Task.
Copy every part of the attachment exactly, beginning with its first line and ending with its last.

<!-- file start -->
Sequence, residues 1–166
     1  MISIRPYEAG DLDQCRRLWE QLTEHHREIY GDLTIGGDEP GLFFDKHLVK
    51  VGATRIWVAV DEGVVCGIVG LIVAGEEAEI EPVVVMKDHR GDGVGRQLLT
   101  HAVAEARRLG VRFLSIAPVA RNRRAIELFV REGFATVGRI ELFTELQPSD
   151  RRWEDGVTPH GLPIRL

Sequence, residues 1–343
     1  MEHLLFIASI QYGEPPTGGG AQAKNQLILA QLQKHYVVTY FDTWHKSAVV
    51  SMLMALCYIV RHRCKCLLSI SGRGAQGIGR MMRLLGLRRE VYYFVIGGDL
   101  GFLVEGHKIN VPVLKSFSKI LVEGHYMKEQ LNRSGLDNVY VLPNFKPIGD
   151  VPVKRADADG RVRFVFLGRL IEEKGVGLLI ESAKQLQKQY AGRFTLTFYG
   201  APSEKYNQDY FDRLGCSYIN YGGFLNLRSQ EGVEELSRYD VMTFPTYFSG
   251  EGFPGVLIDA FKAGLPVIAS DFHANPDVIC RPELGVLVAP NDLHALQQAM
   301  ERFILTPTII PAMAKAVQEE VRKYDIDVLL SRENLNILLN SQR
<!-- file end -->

Sequence, residues 1–166
     1  MISIRPYEAG DLDQCRRLWE QLTEHHREIY GDLTIGGDEP GLFFDKHLVK
    51  VGATRIWVAV DEGVVCGIVG LIVAGEEAEI EPVVVMKDHR GDGVGRQLLT
   101  HAVAEARRLG VRFLSIAPVA RNRRAIELFV REGFATVGRI ELFTELQPSD
   151  RRWEDGVTPH GLPIRL

Sequence, residues 1–343
     1  MEHLLFIASI QYGEPPTGGG AQAKNQLILA QLQKHYVVTY FDTWHKSAVV
    51  SMLMALCYIV RHRCKCLLSI SGRGAQGIGR MMRLLGLRRE VYYFVIGGDL
   101  GFLVEGHKIN VPVLKSFSKI LVEGHYMKEQ LNRSGLDNVY VLPNFKPIGD
   151  VPVKRADADG RVRFVFLGRL IEEKGVGLLI ESAKQLQKQY AGRFTLTFYG
   201  APSEKYNQDY FDRLGCSYIN YGGFLNLRSQ EGVEELSRYD VMTFPTYFSG
   251  EGFPGVLIDA FKAGLPVIAS DFHANPDVIC RPELGVLVAP NDLHALQQAM
   301  ERFILTPTII PAMAKAVQEE VRKYDIDVLL SRENLNILLN SQR